Because mixed-use buildings have two legally zoned uses - residential and commercial - owners need to consider two or more different kinds of potential renters, types of leases, construction needs, liabilities and insurance. This is different than when buildings have only one legally zoned usage and type of tenant. You should think these things through before purchasing. 


The building’s Certificate of Occupancy (CO) should be reviewed by your purchasing team including architect and/or zoning attorney. There have been cases where buyers failed to inspect the CO and did not realize until after the completed purchase that the building was only commercial and not mixed-use, even though people were openly living there. NYC buildings constructed before 1938 often do not have a CO, but the past use of the building can often be found and grandfathered in. Everything is case-by-case, and needs to be reviewed by your architect and attorney.

If a seller or real estate professional tells you it is easy to change a particular use, speak to a zoning attorney or architect. Changing a building’s CO can take 8-12 months, if successful, but is not always guaranteed. You also want to know if the building has any additional FAR (floor area ratio) aka “development rights” which could be added to the building and increase its value and potential use.


You also want to review residential rent regulation and rent stabilization laws when considering purchasing a mixed-use building. NYC is a tenant friendly city, especially for residential tenants, and you want to be sure you understand the laws. New York’s 2019 laws need to be reviewed. People from other parts of the United States or around the globe often assume that the residential tenants’ legal rights will be as limited as those of commercial tenants, but that is not true in NYC. New property owners with rent-regulated units have been blindsided by financial risks arising from their (and their attorneys’) ignorance of NYC residential laws and failure to take precautions to prevent loss. The careful negotiation of the contract of sale and all the sellers’ terms and facts can be essential to preserving a building’s income and to proactively prevent future losses. While commercial tenants are not as protected as residential tenants, they can also bring their own issues and be hard to evict. Be sure your real estate attorney is based in NYC and knowledgeable about mixed-use inventory.


Financing a mixed-use property can be challenging for buyers who are not professional landlords, but it is usually possible for qualified buyers who can show 2-3 years of tax returns and bank statements. Mixed-use buildings are typically funded through commercial loans, but both Fannie Mae and FHA allow mixed-use loans for financing both single-family and two-to-four-unit mixed-use properties, as long as at least 51 percent of the building is residential.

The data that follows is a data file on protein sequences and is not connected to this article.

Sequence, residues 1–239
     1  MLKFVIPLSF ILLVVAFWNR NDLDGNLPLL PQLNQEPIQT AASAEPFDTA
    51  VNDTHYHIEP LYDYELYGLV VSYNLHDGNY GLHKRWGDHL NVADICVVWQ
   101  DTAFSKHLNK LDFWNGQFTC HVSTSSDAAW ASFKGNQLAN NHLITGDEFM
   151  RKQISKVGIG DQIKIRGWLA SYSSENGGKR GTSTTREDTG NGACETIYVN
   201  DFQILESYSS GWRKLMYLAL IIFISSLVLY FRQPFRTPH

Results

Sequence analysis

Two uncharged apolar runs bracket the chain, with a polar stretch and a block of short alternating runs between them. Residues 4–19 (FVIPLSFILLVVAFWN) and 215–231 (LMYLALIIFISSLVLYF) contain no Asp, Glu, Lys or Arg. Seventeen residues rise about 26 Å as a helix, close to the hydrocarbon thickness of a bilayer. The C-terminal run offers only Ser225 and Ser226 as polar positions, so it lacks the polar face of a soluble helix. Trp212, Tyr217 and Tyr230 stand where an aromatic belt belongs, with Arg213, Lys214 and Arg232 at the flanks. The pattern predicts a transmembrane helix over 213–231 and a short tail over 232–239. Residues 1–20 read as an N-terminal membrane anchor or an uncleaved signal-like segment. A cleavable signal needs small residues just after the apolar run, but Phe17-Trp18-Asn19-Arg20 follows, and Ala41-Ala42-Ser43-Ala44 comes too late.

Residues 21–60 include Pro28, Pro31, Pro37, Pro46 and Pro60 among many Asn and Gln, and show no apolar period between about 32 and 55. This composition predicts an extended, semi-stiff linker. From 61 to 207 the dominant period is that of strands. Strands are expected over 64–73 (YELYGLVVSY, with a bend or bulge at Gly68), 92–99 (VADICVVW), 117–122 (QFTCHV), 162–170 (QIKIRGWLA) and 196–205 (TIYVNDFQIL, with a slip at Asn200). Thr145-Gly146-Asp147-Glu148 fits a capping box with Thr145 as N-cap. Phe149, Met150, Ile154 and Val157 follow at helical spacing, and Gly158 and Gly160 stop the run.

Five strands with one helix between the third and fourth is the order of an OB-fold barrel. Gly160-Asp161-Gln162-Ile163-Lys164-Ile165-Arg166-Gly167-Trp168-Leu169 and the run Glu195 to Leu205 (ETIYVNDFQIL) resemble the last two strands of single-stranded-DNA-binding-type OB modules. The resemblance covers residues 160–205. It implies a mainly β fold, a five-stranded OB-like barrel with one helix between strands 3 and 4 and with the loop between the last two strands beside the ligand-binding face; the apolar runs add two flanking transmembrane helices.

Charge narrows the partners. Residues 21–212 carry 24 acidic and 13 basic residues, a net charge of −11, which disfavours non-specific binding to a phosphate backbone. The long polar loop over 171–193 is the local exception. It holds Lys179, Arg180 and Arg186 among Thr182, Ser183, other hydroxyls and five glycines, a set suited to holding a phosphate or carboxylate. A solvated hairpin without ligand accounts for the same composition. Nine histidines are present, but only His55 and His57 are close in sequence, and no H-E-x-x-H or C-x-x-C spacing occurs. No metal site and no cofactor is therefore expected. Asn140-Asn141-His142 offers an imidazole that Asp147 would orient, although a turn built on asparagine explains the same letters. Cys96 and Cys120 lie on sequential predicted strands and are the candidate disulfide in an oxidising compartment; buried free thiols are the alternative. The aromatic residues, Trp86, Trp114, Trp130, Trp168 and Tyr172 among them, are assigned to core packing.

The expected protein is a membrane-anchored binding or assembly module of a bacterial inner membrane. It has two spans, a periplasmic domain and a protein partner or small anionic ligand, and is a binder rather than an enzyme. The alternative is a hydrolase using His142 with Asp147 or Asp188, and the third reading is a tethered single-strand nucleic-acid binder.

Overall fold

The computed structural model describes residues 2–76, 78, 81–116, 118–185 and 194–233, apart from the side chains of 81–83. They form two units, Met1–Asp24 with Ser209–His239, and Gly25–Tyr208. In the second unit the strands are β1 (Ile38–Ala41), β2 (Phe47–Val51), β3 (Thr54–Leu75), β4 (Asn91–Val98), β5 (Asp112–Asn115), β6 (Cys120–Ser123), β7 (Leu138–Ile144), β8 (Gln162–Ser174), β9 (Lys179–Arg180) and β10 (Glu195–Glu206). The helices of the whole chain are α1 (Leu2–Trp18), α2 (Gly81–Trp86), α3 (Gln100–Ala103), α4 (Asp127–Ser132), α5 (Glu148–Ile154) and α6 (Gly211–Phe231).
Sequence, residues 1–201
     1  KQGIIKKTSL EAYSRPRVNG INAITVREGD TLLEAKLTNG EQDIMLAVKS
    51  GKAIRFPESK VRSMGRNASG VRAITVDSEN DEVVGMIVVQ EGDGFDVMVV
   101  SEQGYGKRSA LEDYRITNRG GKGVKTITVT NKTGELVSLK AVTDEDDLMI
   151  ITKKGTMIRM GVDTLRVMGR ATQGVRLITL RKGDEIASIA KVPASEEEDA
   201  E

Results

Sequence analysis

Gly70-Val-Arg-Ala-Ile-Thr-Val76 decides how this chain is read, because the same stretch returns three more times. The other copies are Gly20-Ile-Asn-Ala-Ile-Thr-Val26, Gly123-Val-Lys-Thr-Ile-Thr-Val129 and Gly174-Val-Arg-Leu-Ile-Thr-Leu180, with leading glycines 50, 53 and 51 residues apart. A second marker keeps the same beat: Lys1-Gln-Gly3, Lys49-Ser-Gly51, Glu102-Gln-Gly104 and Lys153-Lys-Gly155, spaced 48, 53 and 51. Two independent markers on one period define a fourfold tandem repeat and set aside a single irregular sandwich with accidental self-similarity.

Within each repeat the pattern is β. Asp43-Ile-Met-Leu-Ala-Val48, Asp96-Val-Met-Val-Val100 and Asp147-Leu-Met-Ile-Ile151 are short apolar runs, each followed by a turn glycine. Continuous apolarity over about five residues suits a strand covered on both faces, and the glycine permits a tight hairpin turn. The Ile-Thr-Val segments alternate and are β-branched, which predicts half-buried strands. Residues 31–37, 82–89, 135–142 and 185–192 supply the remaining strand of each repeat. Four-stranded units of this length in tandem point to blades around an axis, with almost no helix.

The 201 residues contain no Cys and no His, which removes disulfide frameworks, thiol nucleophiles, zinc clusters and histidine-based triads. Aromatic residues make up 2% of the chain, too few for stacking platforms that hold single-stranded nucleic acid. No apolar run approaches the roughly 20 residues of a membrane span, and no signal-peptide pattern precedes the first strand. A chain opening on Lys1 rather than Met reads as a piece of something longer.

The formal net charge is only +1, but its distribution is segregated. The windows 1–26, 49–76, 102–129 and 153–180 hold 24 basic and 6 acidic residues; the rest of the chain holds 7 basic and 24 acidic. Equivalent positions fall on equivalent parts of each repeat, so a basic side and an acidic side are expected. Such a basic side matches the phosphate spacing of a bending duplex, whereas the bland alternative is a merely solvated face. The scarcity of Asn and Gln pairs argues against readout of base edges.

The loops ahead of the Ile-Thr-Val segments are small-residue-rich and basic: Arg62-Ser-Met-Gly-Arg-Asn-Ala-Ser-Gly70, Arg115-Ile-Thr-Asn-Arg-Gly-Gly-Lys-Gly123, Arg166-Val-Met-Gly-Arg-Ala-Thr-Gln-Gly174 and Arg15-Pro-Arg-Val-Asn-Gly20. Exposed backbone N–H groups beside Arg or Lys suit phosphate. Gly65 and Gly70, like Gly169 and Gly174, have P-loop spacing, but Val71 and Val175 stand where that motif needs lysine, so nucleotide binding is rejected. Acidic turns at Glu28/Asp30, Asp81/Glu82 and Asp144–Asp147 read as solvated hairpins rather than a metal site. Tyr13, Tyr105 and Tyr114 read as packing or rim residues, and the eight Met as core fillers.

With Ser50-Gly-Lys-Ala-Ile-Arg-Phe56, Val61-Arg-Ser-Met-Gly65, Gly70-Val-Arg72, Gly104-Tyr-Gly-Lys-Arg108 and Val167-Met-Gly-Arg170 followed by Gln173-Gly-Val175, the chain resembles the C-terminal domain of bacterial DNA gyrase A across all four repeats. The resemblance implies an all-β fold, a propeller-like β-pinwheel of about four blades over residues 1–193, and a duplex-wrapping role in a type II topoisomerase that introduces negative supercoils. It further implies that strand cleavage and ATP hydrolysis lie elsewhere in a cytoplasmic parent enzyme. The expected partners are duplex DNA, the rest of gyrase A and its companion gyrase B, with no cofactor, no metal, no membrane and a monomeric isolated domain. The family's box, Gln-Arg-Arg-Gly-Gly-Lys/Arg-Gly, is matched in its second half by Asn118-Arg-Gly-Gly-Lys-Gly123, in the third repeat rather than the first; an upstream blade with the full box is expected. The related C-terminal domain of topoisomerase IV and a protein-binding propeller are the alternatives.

The Small Business Administration (SBA) offers a special 504 loan with low down-payment options for small business owners which is a great option for selling artists, gallery owners and small creative businesses that can show steady business income. The federal government backs these SBA loans, resulting in a smaller down-payment requirement than typical loans, highly competitive interest rates, and elimination of some transaction fees. Most banks will accept artists as “small business owners” if their application package is strong enough, and correctly presented. A knowledgeable lender and real estate agent can help with your positioning.

Mixed use properties are appealing because of the commercial income they can generate, but its important to note that lenders are often uneasy if too high a percentage of a property's total income is generated by the commercial space rather than the residential. This is case-by-case and different lenders have different underwriting parameters. (A bank you’ve done prior business with may also give you more flexibility). Owners are required to pay commercial property taxes and associated business taxes for the % of commercial space.


Insurance for mixed-use buildings is often not considered when purchasing, but should be kept in mind. Will your commercial tenant be a print-shop, a child-care organization, a restaurant, architecture firm, a deli? Each different business has its own use, physical needs and foot-traffic which determine whether the tenancy is possible, as well as insurance needs.

You want a good insurance agent to walk you through commercial tenancy types and transfer of risk. Each commercial tenant should be required to carry a liability policy of at least $1 million. Policies should name the landlord or building owner as an additional insured. Building owners should not be held responsible for tenants' customers. The insurance carrier for commercial tenants should be rated B+ or better on the A.M. Best scale, which will indicate if the insurance company has a good ability to meet its financial obligations. Other insurance rating groups use different classifications, but the key is to find a carrier with a “good” outlook.

The process of buying a mixed-use building is usually more complex than other real estate transactions but also opens the door to more possibilities, especially for artists and creative business owners looking for an authentic live-work situation and neighborhood connection. Feel free to reach out to discuss your situation if you are thinking about this inventory. The additional upfront work will be well worth it, when you walk to work in the morning by jogging down a flight of stairs.

For more information or to discuss purchasing options contact:

Michele Gambetta. 646-245-9801.


Michele Gambetta is the founder of ArtCondo and a licensed real estate agent in NYC specializing in helping creative professionals purchase

real estate and gain equity. www.ArtCondo.com

ArtCondo2013@gmail.com. 646-245-9801